A woman who owns land in the Round Mountain area has filed a claim against Shasta County alleging deputies unlawfully searched her property and destroyed hundreds of pounds of legally grown marijuana there.
Filed by Santa Rosa attorney Joe Rogoway on behalf of Esmeralda Sanchez Garcia, 25, the claim is the precursor to a lawsuit, Alayna Shulman reports in the Redding Record Searchlight.
It alleges agents with the Shasta County Marijuana Eradication Team searched Sanchez Garcia’s Dunn Moody Road property without a warrant and destroyed more than 800 pounds of legally grown marijuana, violating her state and constitutional rights.
It seeks more than $25,000 to replace the destroyed marijuana.
The agents involved in the raid said they interviewed two men on the property Aug. 11 and interviewed Sanchez Garcia on the phone Aug. 31, leading them to believe there was an illegal operation taking place there.
Shasta County Sheriff Tom Bosenko said a search warrant isn’t always necessary in such cases.
“From evidence found during the initial investigation, coupled with statements it is my opinion I had reasonable cause to believe a felony was being committed by all parties involved in the cultivation operation off Dunn Moody Road,” wrote Sgt. Barry Powell in a police report.
In this case, deputies first noticed the marijuana grow when flying over the property via helicopter Aug. 11. They interviewed two men there and found three medical marijuana recommendations, only one of which was for one of the men on the site, Powell said.
One was for Garcia Sanchez, Powell said. The others were for two males, Francisco Orozco and Xavier Reyes Mendoza.
In addition, Powell said deputies found 320 plants, but the three recommendations allowed for only 99 plants each.
One of the men who did not have a recommendation, Angel Valero Gonzalez, told Powell he was being paid $200 a week to care for the plants by Sanchez Garcia, Powell wrote.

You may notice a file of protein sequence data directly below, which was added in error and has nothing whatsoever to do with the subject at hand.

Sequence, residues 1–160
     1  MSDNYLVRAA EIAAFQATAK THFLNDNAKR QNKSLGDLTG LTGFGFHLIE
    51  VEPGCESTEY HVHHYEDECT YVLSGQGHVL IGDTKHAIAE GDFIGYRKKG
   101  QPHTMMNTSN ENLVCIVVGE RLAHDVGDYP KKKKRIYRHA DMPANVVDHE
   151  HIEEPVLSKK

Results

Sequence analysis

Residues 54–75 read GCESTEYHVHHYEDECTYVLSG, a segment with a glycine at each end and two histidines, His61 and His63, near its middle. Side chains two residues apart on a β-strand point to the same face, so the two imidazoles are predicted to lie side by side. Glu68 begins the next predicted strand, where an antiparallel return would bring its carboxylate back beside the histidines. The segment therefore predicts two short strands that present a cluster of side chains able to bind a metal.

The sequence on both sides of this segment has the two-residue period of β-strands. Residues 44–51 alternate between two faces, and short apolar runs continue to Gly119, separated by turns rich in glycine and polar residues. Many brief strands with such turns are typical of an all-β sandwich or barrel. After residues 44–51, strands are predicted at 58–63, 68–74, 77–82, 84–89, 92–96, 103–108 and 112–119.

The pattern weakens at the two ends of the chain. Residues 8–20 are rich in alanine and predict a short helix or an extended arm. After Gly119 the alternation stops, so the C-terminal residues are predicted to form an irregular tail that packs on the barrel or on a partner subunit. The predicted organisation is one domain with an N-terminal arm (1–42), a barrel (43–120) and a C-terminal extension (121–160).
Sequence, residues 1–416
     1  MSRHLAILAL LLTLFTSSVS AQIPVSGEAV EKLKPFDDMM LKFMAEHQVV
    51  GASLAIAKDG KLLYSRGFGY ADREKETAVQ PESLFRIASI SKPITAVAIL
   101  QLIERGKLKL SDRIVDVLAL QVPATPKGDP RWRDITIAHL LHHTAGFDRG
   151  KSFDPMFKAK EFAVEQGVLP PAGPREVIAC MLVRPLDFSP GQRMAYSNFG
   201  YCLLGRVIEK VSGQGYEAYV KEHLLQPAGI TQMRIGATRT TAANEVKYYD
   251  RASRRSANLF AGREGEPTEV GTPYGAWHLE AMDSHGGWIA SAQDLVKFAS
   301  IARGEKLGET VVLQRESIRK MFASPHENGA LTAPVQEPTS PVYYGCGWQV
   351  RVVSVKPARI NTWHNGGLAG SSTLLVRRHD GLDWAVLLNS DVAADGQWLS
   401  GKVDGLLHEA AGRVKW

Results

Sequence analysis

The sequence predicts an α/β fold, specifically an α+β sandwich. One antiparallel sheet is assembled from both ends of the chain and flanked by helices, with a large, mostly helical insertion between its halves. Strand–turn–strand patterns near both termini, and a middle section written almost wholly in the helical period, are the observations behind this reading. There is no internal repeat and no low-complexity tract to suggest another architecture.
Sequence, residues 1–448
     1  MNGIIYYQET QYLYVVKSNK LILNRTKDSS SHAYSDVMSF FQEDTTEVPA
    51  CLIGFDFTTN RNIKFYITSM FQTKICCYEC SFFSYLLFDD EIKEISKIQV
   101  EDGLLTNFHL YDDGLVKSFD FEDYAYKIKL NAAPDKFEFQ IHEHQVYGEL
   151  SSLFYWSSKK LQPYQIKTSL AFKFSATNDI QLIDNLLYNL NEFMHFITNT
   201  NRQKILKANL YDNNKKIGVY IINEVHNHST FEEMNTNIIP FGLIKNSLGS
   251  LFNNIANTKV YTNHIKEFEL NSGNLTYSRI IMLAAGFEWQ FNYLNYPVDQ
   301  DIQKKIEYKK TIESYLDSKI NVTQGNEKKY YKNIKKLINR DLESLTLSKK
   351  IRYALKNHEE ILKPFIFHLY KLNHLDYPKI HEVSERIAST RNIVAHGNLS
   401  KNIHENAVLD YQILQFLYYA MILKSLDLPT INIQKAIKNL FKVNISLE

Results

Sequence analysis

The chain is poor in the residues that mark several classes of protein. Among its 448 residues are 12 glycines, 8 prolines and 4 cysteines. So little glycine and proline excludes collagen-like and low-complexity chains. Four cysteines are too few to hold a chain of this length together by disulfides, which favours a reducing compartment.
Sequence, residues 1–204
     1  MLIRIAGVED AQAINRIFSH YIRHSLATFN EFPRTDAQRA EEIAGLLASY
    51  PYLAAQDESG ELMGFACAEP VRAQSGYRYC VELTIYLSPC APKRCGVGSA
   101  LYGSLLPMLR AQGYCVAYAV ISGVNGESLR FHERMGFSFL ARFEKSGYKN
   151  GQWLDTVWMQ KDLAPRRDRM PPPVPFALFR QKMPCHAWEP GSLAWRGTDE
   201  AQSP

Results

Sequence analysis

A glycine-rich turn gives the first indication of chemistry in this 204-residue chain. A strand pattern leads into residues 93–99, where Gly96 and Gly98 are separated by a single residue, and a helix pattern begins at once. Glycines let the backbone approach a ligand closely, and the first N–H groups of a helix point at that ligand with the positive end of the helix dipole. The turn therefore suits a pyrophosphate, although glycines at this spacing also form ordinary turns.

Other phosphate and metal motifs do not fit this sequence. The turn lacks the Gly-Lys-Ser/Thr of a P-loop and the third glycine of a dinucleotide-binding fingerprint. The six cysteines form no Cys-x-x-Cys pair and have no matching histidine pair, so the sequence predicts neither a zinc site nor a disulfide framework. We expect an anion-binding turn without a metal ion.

Powell said he told Valero Gonzalez that was illegal because he wasn’t her primary caregiver, but nothing happened at the time.
Deputies returned on Aug. 31 with representatives from the Shasta County district attorney’s office, Powell said, but no one was there at the time.
There was, however, a new recommendation posted for another man — Francisco Gomez — who hadn’t been contacted, Powell said.
Later that day, deputies contacted Sanchez Garcia, who said she had a marijuana recommendation for stomach problems but hadn’t been to the property in about a month and a half, Powell said.
Powell said he called Sanchez Garcia’s doctor and the recommendation was confirmed.
Sanchez Garcia told Powell she was not paying anybody to care for the plants and the men there weren’t her caregivers, he said.
And she said she didn’t know the other two men who had recommendations posted on her property, Powell wrote.
“From her own admission from being absent from the cultivation site for over one month and (a) half indicates she was not collectively taking part in the growing operation and not having a caregiver to take care of her marijuana plants, all evidence to show the marijuana operation illegal and out of compliance,” Powell wrote.
On Oct. 5, Powell said he contacted Gomez, one of the other people with a recommendation found on the property. Gomez told him a man named Javier takes care of his plants, Powell said.
There wasn’t a recommendation or caregiver information for anyone named Javier on the property, Powell said.
With that information, Powell said, the district attorney’s office was notified and advised deputies there was enough evidence to show the garden was illegal.
Deputies returned on Oct. 6 and found three more men, none of whom had recommendations and all of whom were deported to Mexico, Powell said.
All three men signed waivers consenting to a search, Powell said.
The three men told deputies they were promised $2,000 to be split three ways to take care of the plants, Powell said.
“It appears it’s going to be more of a commercial operation than for medical purposes,” Bosenko said.
The men also told deputies “Angel” was in charge of the operation, but that he told them it was legal, Powell said.
Deputies were unable to locate the alleged ringleader, Powell said.
Rogoway, Sanchez Garcia’s attorney, pointed out that no patients associated with the garden were arrested or charged for the alleged crimes.
“The allegations include knowledge by the Shasta County Sheriff’s Office that the medical marijuana plants were lawfully cultivated by a collective in amounts within those recommended by the patient’s physicians. Although the conduct of the collective was clearly lawful, the members sheriff’s office proceeded to destroy all of the medicine. No patient members of the collective were ever arrested or charged with a crime,” Rogoway wrote in an email.
Bosenko said Sanchez Garcia is still being investigated.
Chris Conrad, author and “court-qualified cannabis expert,” estimated the destroyed marijuana would be worth $89,180.
Ed Rosenthal, a writer and founder of High Times magazine, estimated the plants’ wholesale value at $674,000.
Assistant County Counsel Jim Ross said there will likely be a decision on the claim within 45 days from Jan. 30, when it was submitted. If it is rejected, it paves the way for a lawsuit.